March 30th, 2001, 03:26 PM
Next week my company is sending me to citrix school to be a CCA. I was wondering how many people actually use citrix because I have never run into anybody that has ever used it. I'm not paying for it so it doesn't matter if people use it or not but I was just curious.
To each his/her own.
March 30th, 2001, 03:33 PM
A previous company of mine used Citrix in their WAN setup. Personally, I couldn't see the purpose or the function of the program. The setup prior to Citrix worked perfectly. After Citrix the system went to hell. To be fair though, the problems may have been due to the phone companies, but I guess 'll never know.
A bored admin is a very dangerous person...
March 30th, 2001, 04:03 PM
Many companies use Citrix. The main problem people face with Citrix is that it is rarely setup correctly or used over slow WAN links that were never meant to handle the kind of load Citrix provides. Well in answer to your question: check out www.monster.com and hit the job search and subsearch Citrix. The need for Citrix certified people is enormous.
"Only two things are infinite, the universe and human stupidity, and I'm not sure about the former."
- Albert Einstein
March 31st, 2001, 07:26 PM
we use citrix here, and it sucks ,we are going to win2k/terminal services shortly.
the only thing that cirtix does that nt4.0tse didnt is the easy local drive mapping and eas (chokes) printer configuration.
any genius such as myself can do that with some simple sharing...
March 31st, 2001, 07:55 PM
I've got two clients using it.
"Badges? We don't need no stinking badges."
March 31st, 2001, 08:04 PM
We use it in our company for the old arcane software that our accounting dept uses. It's really old (like created before Windows 3.1) so it's not networkable. We have offices all over the country so they need to access the software to get reports, update info, etc.
It's running on an NT box in our head office. Anybody with a Citrix client, the IP address, and password can access it.
The beauty of Citrix is the ability to share a program, especially one with an informational or database characteristic, whether or not that program was designed to be networkable in the first place.
April 3rd, 2001, 09:47 PM
It can't be too rare the client comes on the windows2000 cd!
April 4th, 2001, 09:17 AM
Also windows 2000 terminal services are a dumbed down version of citrix. Citrix is in use in thousands of employers and the certification is scarce, simply because it is not a popularly touted cert (unlike MCSE or Cisco anything)and if your employer is paying for it - go for it.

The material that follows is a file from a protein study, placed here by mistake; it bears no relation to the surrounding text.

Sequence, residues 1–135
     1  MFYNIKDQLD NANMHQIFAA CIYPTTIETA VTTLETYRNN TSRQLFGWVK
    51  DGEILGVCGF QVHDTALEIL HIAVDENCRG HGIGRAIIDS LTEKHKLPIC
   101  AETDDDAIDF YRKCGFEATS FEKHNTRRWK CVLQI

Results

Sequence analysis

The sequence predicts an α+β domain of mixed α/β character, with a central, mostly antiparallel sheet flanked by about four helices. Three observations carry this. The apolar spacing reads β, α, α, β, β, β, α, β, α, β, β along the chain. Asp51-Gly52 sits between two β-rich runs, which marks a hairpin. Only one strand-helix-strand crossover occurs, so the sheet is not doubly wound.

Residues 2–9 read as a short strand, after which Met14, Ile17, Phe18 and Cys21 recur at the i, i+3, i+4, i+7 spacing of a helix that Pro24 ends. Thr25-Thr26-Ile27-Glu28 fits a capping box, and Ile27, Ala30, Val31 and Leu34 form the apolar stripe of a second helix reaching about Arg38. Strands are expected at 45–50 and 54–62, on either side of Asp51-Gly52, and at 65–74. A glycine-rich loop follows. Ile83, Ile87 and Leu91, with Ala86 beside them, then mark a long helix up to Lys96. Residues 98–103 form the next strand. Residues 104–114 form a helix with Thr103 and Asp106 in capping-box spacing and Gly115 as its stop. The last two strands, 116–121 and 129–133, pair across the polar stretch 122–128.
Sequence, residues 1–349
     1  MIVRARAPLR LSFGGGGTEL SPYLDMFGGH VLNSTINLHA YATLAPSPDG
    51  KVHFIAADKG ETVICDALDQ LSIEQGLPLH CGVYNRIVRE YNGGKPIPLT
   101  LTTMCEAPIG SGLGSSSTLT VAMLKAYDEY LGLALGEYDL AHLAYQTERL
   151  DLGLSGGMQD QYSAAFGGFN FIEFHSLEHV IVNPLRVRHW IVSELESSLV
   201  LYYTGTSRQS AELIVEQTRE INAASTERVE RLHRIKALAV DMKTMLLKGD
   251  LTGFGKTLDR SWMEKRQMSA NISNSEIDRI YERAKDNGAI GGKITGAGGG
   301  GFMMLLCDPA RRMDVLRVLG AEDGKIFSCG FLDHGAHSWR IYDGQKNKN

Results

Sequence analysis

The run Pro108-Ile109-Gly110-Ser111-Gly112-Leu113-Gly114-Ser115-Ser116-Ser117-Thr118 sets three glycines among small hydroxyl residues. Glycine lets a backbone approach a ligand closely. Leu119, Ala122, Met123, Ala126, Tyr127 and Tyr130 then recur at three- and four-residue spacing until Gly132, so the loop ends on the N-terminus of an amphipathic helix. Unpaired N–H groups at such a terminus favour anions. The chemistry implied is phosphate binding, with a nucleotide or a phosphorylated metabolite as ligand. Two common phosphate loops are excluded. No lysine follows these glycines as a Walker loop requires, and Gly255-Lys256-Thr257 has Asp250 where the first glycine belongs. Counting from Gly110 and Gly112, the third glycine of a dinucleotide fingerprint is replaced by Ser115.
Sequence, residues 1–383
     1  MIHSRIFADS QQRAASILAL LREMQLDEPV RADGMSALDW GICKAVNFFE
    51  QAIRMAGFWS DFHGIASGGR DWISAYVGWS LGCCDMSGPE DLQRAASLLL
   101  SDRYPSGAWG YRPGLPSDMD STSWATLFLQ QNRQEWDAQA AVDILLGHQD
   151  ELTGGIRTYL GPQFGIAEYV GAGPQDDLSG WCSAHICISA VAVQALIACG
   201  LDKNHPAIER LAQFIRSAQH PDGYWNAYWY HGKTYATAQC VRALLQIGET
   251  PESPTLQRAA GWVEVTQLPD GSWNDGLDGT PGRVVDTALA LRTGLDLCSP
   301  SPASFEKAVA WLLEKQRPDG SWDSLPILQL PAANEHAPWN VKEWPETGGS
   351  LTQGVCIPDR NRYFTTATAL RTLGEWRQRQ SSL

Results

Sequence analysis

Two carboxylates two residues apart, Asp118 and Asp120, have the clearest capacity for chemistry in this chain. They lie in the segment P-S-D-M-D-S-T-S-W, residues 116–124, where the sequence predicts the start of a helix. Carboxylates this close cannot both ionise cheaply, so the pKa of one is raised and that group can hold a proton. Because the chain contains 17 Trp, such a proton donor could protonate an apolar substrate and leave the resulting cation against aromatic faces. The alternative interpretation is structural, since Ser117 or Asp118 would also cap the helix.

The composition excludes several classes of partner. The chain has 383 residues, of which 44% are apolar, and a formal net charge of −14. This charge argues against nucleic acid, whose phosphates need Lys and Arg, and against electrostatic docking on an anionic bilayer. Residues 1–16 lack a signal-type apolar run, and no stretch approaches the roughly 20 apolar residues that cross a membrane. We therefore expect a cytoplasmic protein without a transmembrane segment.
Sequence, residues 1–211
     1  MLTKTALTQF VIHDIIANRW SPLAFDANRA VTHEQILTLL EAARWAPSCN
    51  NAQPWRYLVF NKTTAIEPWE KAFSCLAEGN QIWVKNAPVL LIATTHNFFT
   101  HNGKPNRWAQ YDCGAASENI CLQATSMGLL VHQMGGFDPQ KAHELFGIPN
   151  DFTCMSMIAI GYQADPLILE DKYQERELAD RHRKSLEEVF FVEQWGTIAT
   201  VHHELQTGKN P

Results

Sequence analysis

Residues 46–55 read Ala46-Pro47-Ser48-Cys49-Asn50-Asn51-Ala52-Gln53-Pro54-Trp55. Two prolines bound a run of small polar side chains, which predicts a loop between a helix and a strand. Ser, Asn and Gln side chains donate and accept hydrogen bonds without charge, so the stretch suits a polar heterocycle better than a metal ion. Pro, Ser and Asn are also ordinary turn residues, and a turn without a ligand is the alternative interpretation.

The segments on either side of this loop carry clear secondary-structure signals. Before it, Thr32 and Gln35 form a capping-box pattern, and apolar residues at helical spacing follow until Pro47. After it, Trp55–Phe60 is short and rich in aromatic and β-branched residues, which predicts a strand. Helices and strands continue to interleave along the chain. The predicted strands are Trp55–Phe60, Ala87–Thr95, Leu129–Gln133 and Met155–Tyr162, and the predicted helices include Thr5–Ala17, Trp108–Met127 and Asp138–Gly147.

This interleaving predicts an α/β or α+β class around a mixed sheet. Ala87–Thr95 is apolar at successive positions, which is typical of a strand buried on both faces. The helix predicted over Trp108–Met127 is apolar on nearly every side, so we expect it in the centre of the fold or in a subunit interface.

Death is lighter than a feather - duty heavier than a mountian.
The answer to your question is: 00110100 00110010
April 6th, 2001, 10:01 AM
I just got back and learned a bit of interesting info. Here is a couple facts that I thought were interesting. It uses ICA which is faster instead of RDP which terminal server uses. I transfers KVM data which amounts to 10-20k footprints. The only problem I could see is not having a decent server running. Citrix recommends 4-16mb of ram for each user connecting which is crap. If you look at how much you use on your computer just for maybe office or something like that then the ram requirment is going to be significantly higher. All in all I wouldn't mind using it for published apps or published desktops. It can also shadow users. Don't regret one bit taking that class...actually it helped me understand terminal server a little bit better in the process. I'm going to take the test on Monday which I here is really easy...well untill then...thank you for all your input.
To each his/her own.
April 6th, 2001, 08:00 PM
The company I work for just started using Citrix about 6 months ago. We have several jobsites which all connect to our Citrix server. There are typically 2-5 users at each jobsite all working at the same time. The beauty of Citrix is we setup 1 PC with a shared printer and use Winproxy w/ DHCP. All of the other users at the site get a WYSE terminal and connect through the main box.
Terminal=nothing to break!!! No reinstalls, no 2 hour drive for a 5 minute fix, almost no problems at all.